Lecture Video: The Foreign Disturbance of 1866
Following the execution of nine Catholic missionaries, the French Far Eastern Squadron undertook a punitive expedition against Korea in 1866. This famous event of the late Chosŏn period came to be known as the “foreign disturbance of the pyŏngin year” (pyŏngin yangyo) and it is still perceived in Korean historiography as the first foreign attempt to invade the peninsula since the seventeenth century. The French chargé d’affaires in Beijing, Henri de Bellonnet, officially planned to establish a protectorate in Chosŏn, but the naval campaign failed and the French troops finally withdraw. It is no wonder that the expedition was doomed to failure from the beginning, since the French fleet did not count more than 500 men, and most of them contracted smallpox. But this point precisely suggests that deeper reasons conducted the French to undertake an ill-conceived six-week campaign just before the onset of winter. My presentation will explore the geopolitical factors that led to the expedition, beginning with the Russian threat in the North and the protection of French nationals in China. But I will also demonstrate that, contrary to previous studies, the “foreign disturbance” of 1866 did not just confirm Korea in its policy of isolation. Next to a military response, the Chosŏn government also requested diplomatic support from Qing China and Edo Japan with more or less success. More generally, this presentation will move beyond the traditional issue of Catholicism and revisit the early encounters of Korea with the West in an East Asian perspective.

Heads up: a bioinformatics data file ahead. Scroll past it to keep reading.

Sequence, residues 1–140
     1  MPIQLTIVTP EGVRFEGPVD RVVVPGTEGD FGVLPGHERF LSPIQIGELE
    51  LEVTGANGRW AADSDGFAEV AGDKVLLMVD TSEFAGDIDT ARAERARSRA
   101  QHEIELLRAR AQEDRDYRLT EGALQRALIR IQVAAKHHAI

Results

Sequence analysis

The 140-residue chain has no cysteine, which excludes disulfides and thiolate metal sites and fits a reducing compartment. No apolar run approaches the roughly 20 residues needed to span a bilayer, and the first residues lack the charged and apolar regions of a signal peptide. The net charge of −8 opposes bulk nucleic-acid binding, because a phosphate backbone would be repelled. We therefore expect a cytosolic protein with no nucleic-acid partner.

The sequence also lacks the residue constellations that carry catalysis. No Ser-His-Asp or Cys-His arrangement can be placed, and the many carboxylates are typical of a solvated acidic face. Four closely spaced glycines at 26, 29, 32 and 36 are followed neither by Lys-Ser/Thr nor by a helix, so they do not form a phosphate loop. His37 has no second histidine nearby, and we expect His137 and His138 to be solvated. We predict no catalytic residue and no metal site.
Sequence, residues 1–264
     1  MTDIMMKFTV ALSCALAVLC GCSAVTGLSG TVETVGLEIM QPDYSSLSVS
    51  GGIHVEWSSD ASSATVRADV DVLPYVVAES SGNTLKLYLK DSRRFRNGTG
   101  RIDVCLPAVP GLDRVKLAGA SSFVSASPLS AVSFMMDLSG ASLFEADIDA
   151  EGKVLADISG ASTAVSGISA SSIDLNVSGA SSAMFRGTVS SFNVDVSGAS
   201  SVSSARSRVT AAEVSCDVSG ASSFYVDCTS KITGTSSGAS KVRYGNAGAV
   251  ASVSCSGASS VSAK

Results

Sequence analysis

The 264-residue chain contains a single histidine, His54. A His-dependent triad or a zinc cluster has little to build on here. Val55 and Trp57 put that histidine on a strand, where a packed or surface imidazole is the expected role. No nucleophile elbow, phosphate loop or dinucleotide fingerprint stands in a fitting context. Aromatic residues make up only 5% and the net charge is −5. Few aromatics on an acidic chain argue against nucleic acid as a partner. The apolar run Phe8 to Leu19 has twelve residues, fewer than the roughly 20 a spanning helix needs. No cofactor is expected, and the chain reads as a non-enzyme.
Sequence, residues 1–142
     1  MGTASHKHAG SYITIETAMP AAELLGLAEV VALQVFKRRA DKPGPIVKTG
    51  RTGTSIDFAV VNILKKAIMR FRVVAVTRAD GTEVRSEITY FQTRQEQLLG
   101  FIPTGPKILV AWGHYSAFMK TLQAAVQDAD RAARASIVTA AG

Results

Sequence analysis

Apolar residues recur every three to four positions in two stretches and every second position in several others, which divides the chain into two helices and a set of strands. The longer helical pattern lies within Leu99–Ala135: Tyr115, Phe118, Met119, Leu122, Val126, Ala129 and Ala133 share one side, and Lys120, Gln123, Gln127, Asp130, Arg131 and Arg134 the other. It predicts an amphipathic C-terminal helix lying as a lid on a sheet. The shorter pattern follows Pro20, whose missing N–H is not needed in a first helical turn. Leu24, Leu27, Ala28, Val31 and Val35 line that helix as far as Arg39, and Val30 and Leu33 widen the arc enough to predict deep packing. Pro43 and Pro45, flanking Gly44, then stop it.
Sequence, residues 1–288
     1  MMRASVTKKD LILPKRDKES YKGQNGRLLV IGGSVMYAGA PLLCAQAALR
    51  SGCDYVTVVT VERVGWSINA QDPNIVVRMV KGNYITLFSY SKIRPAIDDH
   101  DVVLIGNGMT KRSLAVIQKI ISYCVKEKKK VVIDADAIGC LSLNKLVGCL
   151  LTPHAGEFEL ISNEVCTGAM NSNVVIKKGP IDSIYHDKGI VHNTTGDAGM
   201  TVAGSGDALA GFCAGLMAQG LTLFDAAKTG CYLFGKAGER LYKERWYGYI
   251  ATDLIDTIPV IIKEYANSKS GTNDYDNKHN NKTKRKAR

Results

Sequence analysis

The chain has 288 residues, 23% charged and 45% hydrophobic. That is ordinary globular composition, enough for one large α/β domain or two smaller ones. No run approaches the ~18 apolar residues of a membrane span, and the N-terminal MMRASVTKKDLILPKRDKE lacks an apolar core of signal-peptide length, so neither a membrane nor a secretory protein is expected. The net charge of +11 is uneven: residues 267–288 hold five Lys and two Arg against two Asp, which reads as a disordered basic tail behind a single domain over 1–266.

Pierre-Emmanuel Roux (Ph.D. 2013) is an associate professor and the director of the Korean Studies Section at Paris Diderot University. He is an historian of late Chosŏn Korea and Qing China, with a focus on religion and law. He also published an award-winning monograph on French-Korean encounters in the 19th century (La Croix, la baleine et le canon : La France face à la Corée au milieu du XIXe siècle. Paris: Cerf, 2012).